The Spanish version of steak and eggs is called bistec a caballo (beefsteak with horse) and the one at Senor Pan, a Cuban restaurant, includes two thin sheets of marinated steak, a snarl of grilled onions, two carefully browned over-easy eggs, rice and plantains.

Miss Saigon serves a dish called Bo Ne, made with marinated beef and eggs served in a sizzling hot skillet like fajitas, with a spoonful of pate and mayonnaise. Served with a crunchy piece of Vietnamese-style baguette, guests drizzle on Sriracha, fish sauce and/or Maggi seasoning to raise the flavor ante sky high.

Steak and eggs is a frequent diner meal, and a very famous plate can be found at Valois Restaurant, where it is, apparently, a favorite of one Mr. Barack Obama. Valois offered steak and eggs for only $5 during both of his inaugurations.

2016-10-31 15:08:07
 

It just keeps going

You’ve read it here before and you’ll read it here again: breakfast is where the best potential for real growth is in foodservice. But you know we’re not the only ones saying it. Every trade pub and research group points out this on-going reality multiple times each year.

I keep a pretty keen eye on all things breakfast, so sometimes I forget not everyone in the industry gathers certain categories of information like I do. I recently ran across several articles that had published bits and pieces of recent research results from The National Restaurant Association, Technomic and NPD/CREST concerning the continuing importance of breakfast. Acting as your personal info aggregator, I share a few interesting numbers from those articles that support the lead-in statement above.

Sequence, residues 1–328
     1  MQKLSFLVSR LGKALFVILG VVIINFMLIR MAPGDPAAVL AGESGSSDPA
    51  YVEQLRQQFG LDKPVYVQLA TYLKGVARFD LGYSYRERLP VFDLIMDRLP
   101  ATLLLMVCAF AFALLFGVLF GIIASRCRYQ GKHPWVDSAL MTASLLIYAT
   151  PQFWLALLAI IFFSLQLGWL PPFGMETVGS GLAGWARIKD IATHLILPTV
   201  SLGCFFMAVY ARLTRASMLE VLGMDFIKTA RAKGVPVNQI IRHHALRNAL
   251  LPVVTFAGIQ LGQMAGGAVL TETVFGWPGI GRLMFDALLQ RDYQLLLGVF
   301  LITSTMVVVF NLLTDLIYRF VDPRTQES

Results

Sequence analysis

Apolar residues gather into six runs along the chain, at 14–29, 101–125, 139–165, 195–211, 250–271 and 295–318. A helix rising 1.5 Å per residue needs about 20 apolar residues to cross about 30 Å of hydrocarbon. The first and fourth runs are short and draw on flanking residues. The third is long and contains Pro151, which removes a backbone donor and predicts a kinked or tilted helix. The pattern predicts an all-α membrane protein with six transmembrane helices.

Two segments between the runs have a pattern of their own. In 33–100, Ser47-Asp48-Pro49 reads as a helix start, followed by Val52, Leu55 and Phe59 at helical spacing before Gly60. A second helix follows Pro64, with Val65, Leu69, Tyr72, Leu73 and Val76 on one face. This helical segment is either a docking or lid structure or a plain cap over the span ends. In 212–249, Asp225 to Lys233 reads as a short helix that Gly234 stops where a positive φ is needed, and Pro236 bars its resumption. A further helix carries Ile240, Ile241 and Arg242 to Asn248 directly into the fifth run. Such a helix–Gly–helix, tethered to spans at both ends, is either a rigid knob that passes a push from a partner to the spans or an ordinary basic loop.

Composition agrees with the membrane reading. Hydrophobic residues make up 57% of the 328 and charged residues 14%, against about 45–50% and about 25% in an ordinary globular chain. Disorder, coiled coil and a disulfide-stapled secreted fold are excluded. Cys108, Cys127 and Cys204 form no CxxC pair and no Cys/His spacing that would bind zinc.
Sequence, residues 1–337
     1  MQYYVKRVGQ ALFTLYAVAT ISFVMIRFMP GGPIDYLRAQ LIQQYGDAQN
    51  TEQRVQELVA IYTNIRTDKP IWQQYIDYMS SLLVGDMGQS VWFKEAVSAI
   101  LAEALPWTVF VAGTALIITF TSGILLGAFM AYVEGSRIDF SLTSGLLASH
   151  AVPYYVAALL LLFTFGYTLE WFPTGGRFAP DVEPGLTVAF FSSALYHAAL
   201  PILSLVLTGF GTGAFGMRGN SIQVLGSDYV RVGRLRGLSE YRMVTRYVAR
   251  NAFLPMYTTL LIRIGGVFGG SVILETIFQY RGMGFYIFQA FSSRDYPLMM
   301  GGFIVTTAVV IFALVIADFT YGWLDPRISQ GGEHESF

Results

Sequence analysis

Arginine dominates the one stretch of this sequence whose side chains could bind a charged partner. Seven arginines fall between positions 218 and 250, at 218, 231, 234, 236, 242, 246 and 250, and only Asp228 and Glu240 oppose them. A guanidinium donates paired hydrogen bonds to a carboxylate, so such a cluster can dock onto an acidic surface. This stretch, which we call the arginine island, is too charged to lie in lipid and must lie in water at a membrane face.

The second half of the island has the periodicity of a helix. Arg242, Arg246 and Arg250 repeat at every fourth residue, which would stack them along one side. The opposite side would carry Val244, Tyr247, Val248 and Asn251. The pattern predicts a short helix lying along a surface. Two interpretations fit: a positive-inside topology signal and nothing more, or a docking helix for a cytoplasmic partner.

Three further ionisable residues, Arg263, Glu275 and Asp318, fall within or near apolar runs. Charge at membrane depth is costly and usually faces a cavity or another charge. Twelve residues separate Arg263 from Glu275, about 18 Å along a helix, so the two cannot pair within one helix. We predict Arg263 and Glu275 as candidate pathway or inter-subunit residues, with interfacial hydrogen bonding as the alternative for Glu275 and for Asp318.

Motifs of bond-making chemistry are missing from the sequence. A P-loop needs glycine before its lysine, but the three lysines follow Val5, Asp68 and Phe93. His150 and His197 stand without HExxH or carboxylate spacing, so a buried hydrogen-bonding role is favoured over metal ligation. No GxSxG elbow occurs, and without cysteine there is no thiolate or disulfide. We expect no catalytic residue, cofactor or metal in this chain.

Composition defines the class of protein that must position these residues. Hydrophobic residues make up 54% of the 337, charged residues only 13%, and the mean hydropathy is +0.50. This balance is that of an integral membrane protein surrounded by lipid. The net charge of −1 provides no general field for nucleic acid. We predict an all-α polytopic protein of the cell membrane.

• In a May eater.com article, the writer cites NPD/CREST data as showing the average annual number of breakfasts consumed per person in 2015 was 361. That’s an increase of 11/person from 2010 ‒ astounding!
  • Ethnic-inspired breakfast items are considered a hot trend by 68% of American Culinary Federation chefs answering the National Restaurant Association’s 2016 What’s Hot survey. That’s likely to get hotter if Millennials have anything to say about it.
  • Breakfast is becoming cool. 34% more younger consumers consider breakfast and brunch as a destination vs. a quick, convenient occasion, compared to two years ago. This will favor those operations with designs that welcome larger groups who want to linger. (Technomic’s 2015 Breakfast Consumer Trend report)
  • In a Restaurant Hospitality article, NPD/CREST data is quoted as having determined that in the year ending February 2016, breakfast and morning snack visits increased by 5 percent. And that was on top of a 3 percent increase during the same period between 2014/2015. Pretty unstoppable.

Hopefully, you found these bits and pieces tasty, interesting and actionable. 

2016-10-03 13:44:48